‘Superstar’ is available in one-gallon pots from EZ Growing Plants via Amazon.

Managing Pests and Disease

S. betulifolia has few issues with pests or diseases, which is part of its easy-care appeal.

I’m not saying rabbits or deer would never sneak a nibble of the leaves, especially at peak tenderness in early spring, but birchleaf spirea is not one of their preferred foods.

Despite the minimal threat, you should inspect your plants for pest infestation regularly, especially before moving container shrubs for the winter.

Find more info on preventing, detecting, and controlling the most common culprits in our aphid, scale, and spider mite guides.

Since S. betulifolia is a member of the Rosaceae or rose family, it’s not surprising that it may contract a few of the same diseases, though they’re fairly rare.

Fireblight, leaf spot, and powdery mildew could cause problems, so be on the lookout for those.

Root rot presents a more substantial threat.

I recommend paying close attention to preventive measures including judicious watering, spacing that allows air circulation, and providing well-draining soil.

Root rot is the most likely foe to kill your spirea outright, and that would be a shame when it’s so easily prevented.

Best Uses of Birchleaf Spirea

With birchleaf spirea delivering three-season interest with minimal care, it can beautify dozens of spots in the landscape.

Just a few of the places it stands out include garden beds, borders, walkways, and patio containers.

A horizontal shot with a mass planting of pink blooming birchleaf spirea.

And it’s such a practical beauty, with the mounding shrubs offering erosion control, a short privacy hedge or windbreak, or an important nectar and pollen source for hummingbirds and pollinator gardens.

I caution you not to plant this lovely shrub in a high-profile front bed or walkway, though, unless you’re prepared to see a sizable dormant plant with no leaves throughout the winter.

Even the cultivars that are hardy in Zone 3, where temperatures may dip to -40°F, do not provide visual interest in the cold months.

If you want to plant it in a prominent spot, consider using a container so you can roll it out of the public eye throughout the months of dormancy.

Three seasons of appeal is a lot for any plant, so don’t push it by expecting good looks for a fourth season!

Quick Reference Growing Guide

Plant Type:Deciduous perennial flowering shrubFlower / Foliage Color:White, pink/green, yellow (bronze, burgundy, chartreuse, orange, peach, red, yellow-green, multicolored in fall)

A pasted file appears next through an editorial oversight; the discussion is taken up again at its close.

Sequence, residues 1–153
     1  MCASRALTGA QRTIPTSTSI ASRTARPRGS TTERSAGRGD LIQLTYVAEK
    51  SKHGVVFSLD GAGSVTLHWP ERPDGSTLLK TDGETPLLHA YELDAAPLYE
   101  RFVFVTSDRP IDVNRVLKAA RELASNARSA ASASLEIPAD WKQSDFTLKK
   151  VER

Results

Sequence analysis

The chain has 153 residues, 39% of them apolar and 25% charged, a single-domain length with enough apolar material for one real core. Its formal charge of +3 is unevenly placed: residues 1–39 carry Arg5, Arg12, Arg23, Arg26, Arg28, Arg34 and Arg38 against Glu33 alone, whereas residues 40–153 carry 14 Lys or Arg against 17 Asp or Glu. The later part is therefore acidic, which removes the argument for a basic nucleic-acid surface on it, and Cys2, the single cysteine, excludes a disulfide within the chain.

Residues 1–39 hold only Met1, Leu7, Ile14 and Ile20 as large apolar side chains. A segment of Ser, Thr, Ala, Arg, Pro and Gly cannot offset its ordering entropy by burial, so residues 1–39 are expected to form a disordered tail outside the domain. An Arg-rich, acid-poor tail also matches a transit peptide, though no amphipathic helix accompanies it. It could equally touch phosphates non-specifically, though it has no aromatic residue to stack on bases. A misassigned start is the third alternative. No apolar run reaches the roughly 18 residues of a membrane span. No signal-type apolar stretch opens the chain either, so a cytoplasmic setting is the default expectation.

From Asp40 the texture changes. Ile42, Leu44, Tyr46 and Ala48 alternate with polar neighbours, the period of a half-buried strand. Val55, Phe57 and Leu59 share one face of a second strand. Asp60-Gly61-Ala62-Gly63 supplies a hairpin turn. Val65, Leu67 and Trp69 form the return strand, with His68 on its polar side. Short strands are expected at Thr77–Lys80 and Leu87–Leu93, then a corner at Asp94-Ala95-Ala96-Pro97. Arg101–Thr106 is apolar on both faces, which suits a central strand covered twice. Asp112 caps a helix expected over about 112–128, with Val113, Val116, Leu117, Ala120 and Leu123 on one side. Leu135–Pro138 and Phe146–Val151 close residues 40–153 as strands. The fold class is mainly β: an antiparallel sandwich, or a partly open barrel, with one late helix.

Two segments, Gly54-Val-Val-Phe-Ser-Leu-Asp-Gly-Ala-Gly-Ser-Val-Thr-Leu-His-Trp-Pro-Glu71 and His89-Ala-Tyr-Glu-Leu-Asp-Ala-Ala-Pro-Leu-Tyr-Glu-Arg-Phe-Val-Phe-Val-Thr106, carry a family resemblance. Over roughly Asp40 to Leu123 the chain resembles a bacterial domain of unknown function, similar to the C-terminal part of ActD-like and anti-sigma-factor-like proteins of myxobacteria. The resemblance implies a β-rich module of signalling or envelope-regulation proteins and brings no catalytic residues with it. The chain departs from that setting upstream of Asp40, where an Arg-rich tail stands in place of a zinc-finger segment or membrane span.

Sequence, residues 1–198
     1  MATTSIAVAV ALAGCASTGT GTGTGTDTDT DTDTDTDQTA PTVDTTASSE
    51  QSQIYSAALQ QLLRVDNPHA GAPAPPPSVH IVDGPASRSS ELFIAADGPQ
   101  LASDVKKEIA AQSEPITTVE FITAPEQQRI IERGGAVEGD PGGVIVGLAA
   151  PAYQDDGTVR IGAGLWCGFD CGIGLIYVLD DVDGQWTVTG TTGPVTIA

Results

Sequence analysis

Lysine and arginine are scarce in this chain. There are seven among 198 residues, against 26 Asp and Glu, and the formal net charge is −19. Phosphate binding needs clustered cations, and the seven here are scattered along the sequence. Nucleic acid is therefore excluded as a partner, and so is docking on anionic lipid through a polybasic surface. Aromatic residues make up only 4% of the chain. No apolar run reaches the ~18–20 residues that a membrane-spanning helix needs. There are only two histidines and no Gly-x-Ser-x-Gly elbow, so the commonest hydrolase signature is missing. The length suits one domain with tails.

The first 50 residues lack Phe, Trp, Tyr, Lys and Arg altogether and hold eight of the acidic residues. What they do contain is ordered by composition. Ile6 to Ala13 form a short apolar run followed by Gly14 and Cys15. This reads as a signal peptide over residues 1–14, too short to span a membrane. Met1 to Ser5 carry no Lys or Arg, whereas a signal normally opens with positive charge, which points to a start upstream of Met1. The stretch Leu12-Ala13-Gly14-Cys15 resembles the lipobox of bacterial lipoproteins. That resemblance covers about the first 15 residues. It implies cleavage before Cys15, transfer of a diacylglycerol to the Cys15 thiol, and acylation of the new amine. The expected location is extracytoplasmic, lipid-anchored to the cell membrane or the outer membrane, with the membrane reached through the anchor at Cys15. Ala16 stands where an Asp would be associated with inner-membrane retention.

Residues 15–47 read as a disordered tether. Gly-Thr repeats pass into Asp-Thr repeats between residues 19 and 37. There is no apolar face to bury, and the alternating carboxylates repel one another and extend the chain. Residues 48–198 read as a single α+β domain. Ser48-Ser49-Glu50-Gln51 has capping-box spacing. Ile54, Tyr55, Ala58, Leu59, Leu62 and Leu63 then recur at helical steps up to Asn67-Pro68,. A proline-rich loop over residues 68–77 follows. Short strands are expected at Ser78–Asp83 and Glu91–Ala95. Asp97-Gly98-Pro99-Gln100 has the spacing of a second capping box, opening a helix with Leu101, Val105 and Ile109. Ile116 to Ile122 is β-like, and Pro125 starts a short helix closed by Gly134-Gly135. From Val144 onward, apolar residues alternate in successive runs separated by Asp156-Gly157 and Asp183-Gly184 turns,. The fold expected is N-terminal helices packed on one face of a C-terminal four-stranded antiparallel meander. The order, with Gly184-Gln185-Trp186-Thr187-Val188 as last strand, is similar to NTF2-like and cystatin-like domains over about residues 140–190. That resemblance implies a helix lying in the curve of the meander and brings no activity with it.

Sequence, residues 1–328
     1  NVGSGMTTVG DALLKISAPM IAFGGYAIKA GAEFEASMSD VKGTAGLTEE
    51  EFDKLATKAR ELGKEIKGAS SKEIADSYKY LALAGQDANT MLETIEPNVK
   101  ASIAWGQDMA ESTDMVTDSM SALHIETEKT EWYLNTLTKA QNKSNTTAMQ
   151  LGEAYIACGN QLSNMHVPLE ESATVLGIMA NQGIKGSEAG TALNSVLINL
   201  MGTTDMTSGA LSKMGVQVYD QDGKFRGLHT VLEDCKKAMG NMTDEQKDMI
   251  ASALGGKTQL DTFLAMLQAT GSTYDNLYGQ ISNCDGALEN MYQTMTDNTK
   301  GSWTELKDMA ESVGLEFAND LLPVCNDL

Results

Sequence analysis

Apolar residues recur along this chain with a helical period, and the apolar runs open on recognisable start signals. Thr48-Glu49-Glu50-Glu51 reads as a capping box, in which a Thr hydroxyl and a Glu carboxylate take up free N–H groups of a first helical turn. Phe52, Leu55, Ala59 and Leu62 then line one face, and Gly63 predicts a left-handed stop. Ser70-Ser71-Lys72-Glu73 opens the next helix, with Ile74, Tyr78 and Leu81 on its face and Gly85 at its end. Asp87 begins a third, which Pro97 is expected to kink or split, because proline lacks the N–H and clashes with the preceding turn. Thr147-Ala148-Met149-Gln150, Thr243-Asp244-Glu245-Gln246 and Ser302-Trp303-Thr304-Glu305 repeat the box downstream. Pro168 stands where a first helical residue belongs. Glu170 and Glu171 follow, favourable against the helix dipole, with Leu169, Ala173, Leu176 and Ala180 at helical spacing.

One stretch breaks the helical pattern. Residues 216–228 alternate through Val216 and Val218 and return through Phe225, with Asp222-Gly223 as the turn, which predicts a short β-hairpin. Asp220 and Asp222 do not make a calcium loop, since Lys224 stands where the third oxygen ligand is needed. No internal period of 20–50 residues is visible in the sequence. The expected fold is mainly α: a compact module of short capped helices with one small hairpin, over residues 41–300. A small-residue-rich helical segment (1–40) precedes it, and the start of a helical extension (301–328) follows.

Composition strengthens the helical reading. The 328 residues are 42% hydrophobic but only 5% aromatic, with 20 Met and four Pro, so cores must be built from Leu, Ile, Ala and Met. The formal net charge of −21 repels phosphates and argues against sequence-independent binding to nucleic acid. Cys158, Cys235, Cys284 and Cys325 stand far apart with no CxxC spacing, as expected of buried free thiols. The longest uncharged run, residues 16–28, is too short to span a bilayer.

Native to:East Asia, North AmericaMaintenance:Low
Hardiness (USDA Zone):3-9Tolerance:Alkaline soil, clay soil, deer, drought, hard freezes, rabbits
Bloom Time/Season:Spring (colorful foliage in fall)Soil Type:Chalk, loam, sand
Exposure:Full sun to part sunSoil pH:6.0-7.0
Spacing:2-4 feetSoil Drainage:Well-draining
Planting Depth:Top of root ball even with ground levelAttracts:Bees, butterflies, hummingbirds, other pollinators
Height:2-4 feetCompanion Planting:Hydrangeas, yarrow
Spread:2-4 feetUses:Beds, borders, butterfly gardens, containers, hedges, mass plantings, pollinator gardens, walkways
Growth Rate;Moderate to fastFamily:Rosaceae
Water Needs:ModerateGenus:Spiraea
Pests & Diseases:Aphids, scale, spider mites; fire blight, leaf spot, powdery mildew, root rotSpecies:Betulifolia

A Burgeoning Affection for Birchleaf Spirea

I can’t help but enthusiastically recommend this easy-care shrub with three-season interest.

And I know gardeners in Zones 3 to 9 will welcome the suggestion, especially anyone who wants to attract springtime pollinators.

A top down close up of a clump of white birchleaf spirea flowers pictured on a soft focus background.

Are you already growing birchleaf spirea, or might you have a question about its growth and care that hasn’t been covered in this guide? Whether you need growing advice or want to share an experience, we welcome your input in the comments section below.

To expand your knowledge of this genus of tough but beautiful flowering shrubs, read these spirea guides next:

Photo of author


An avid raised bed vegetable gardener and former “Dirt to Fork” columnist for an alt-weekly newspaper in Knoxville, Tennessee, Rose Kennedy is dedicated to sharing tips that increase yields and minimize work. But she’s also open to garden magic, like the red-veined sorrel that took up residence in several square yards of what used to be her back lawn. She champions all pollinators, even carpenter bees. Her other enthusiasms include newbie gardeners, open-pollinated sunflowers, 15-foot-tall Italian climbing tomatoes, and the arbor her husband repurposed from a bread vendor’s display arch. More importantly, Rose loves a garden’s ability to make a well-kept manicure virtually impossible and revive the spirits, especially in tough times.